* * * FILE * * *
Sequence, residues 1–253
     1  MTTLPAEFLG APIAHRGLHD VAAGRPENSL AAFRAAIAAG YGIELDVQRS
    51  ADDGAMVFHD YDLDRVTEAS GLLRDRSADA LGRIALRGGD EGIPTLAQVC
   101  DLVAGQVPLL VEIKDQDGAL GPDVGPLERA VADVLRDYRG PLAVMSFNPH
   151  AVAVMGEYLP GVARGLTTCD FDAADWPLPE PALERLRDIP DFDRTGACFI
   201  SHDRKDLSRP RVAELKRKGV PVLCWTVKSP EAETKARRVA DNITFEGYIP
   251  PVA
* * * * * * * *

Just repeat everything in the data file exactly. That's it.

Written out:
Sequence, residues 1–253
     1  MTTLPAEFLG APIAHRGLHD VAAGRPENSL AAFRAAIAAG YGIELDVQRS
    51  ADDGAMVFHD YDLDRVTEAS GLLRDRSADA LGRIALRGGD EGIPTLAQVC
   101  DLVAGQVPLL VEIKDQDGAL GPDVGPLERA VADVLRDYRG PLAVMSFNPH
   151  AVAVMGEYLP GVARGLTTCD FDAADWPLPE PALERLRDIP DFDRTGACFI
   201  SHDRKDLSRP RVAELKRKGV PVLCWTVKSP EAETKARRVA DNITFEGYIP
   251  PVA